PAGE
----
The Long Island Solar Farm: A Trailblazing Resource for Development and Partnerships

Clara Mckenzie (Editor)

Series: Energy Science, Engineering and Technology
BISAC: SCI024000



Volume 10

Issue 1

Volume 2

Volume 3

Special issue: Resilience in breaking the cycle of children’s environmental health disparities
Edited by I Leslie Rubin, Robert J Geller, Abby Mutic, Benjamin A Gitterman, Nathan Mutic, Wayne Garfinkel, Claire D Coles, Kurt Martinuzzi, and Joav Merrick


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The Long Island Solar Farm project came together as a joint effort of five very different interest groups: a federal agency, a research institution, an electric utility, a private business, and the general public. The project is remarkable for three major reasons: first, it is the largest utility-scale solar power plant in the Eastern United States; second, it is a commercial project built on federally administered public lands; and third, the project was very unlikely to have started in the first place.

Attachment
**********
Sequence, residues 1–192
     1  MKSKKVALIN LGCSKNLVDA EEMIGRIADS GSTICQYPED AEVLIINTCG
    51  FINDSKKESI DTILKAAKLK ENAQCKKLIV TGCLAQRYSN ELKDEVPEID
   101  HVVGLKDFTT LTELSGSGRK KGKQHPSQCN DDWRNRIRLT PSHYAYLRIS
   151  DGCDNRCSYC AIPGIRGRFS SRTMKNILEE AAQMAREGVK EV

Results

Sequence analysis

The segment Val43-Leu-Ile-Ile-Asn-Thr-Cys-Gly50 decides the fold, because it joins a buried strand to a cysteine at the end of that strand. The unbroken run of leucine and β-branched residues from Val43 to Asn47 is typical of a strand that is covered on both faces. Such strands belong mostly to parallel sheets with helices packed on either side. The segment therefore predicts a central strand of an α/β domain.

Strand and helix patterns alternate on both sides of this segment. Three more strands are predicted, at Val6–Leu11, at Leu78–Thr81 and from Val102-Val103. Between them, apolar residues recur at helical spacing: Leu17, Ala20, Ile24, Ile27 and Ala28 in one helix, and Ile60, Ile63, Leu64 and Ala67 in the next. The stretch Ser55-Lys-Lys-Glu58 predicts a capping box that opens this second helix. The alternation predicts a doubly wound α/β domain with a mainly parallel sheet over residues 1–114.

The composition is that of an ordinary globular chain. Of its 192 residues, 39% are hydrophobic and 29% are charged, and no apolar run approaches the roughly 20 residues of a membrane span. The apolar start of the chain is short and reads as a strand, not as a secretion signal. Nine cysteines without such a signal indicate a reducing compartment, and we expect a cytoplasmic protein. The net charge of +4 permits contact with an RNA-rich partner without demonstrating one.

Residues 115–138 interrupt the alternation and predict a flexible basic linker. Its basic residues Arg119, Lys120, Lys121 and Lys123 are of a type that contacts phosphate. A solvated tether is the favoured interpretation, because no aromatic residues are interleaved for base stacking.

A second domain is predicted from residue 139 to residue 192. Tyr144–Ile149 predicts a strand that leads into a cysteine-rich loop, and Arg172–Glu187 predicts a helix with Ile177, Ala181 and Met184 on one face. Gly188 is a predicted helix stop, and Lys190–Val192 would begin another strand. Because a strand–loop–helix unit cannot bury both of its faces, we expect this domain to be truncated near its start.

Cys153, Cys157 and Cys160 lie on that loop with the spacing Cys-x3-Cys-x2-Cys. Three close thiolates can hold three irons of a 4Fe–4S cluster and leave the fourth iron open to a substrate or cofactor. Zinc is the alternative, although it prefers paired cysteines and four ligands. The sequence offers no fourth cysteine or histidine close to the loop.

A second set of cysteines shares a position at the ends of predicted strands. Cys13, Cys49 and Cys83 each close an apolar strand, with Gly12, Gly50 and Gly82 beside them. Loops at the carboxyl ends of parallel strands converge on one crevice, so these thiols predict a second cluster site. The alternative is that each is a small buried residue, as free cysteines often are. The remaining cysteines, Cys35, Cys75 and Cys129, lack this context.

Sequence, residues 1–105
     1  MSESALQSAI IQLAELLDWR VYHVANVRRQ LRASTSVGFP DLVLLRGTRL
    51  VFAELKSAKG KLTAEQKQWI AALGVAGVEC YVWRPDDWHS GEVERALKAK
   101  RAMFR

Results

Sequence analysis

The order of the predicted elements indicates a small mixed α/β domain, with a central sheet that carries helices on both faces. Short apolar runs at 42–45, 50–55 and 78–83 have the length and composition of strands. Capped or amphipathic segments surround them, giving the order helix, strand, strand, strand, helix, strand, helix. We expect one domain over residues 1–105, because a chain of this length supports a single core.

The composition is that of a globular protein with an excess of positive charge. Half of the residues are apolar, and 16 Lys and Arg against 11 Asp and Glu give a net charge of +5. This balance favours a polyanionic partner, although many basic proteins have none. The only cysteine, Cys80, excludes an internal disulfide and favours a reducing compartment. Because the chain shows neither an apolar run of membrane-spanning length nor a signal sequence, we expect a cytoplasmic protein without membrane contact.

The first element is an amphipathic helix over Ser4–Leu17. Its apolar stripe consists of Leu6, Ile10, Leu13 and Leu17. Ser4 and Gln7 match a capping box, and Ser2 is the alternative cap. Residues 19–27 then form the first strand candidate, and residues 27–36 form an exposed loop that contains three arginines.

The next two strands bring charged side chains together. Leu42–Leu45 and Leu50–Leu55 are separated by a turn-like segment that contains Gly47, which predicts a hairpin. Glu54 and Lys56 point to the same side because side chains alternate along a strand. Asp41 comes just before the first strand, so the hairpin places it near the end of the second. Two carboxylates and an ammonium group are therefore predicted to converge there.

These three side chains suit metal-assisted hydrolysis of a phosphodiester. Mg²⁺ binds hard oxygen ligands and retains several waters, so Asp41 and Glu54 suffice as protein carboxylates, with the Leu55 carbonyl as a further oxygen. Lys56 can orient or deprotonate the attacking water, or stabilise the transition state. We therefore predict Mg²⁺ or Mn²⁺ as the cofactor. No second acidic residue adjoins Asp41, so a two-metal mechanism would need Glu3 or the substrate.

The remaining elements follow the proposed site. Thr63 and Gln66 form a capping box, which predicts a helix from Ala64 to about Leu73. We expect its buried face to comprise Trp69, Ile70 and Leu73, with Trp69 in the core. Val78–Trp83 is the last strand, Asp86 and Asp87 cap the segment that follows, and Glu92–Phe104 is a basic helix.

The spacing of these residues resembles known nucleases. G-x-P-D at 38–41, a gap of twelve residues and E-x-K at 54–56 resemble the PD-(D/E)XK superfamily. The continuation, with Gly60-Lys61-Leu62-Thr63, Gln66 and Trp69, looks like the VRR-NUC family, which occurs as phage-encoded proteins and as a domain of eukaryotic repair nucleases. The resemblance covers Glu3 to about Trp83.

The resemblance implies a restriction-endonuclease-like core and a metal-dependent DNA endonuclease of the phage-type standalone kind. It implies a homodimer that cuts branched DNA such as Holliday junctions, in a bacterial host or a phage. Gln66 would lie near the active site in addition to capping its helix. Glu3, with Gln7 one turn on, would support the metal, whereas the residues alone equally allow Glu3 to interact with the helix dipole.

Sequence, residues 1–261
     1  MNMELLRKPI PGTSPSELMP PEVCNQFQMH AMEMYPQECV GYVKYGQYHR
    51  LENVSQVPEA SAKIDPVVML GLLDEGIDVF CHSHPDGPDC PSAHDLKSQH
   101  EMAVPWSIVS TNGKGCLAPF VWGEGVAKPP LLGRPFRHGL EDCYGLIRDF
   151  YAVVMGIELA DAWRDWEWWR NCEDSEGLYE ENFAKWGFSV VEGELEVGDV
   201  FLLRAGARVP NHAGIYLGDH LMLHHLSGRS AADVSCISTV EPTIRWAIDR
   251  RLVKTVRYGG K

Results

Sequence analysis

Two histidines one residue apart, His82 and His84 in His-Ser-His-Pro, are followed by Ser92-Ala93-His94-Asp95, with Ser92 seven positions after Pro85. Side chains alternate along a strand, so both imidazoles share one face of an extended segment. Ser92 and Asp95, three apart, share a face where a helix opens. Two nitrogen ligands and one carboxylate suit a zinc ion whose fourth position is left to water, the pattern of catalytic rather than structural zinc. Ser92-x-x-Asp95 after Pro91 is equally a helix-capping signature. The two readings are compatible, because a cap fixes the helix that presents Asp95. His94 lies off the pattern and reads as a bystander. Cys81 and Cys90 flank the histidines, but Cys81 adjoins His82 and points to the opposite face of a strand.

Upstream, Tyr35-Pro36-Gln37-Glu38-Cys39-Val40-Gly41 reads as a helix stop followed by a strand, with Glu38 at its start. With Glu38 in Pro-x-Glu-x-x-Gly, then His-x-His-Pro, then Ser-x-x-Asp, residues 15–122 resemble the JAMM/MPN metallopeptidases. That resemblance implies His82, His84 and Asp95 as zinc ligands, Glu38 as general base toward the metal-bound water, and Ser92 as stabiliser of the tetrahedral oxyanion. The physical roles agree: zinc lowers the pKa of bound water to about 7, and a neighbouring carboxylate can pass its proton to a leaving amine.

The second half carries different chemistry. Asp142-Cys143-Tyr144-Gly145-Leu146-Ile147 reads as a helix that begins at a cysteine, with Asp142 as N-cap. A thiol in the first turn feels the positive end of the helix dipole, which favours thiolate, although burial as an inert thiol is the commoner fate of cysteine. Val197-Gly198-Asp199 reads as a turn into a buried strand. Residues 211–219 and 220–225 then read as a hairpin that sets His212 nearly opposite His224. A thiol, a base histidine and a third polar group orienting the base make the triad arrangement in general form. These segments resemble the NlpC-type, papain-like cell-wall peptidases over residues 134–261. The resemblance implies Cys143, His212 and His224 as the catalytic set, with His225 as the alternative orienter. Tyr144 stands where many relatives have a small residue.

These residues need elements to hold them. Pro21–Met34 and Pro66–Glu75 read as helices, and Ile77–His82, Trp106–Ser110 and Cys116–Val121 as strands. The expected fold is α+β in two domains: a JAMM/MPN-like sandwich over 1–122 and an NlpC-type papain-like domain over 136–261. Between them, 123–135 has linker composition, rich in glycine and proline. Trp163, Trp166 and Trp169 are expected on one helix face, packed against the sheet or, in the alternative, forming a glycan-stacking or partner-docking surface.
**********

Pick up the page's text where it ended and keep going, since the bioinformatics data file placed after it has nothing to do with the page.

The process by which the Long Island Solar Farm was developed is intricate and unusual. This reflects many of the nuanced conditions that made siting the solar farm on federal property a unique opportunity for very different groups. This book discusses project concepts; the process involved in executing the projects; and also provides an environmental assessment for the BP solar array project from the Brookhaven National Laboratory. (Imprint: Nova)


Chapter 1. The Long Island Solar Farm
Robert S. Anders

Chapter 2. Environmental Assessment for BP Solar Array Project [at] Brookhaven National Laboratory
U.S. Department of Energy, Office of Science and Brookhaven Site Office


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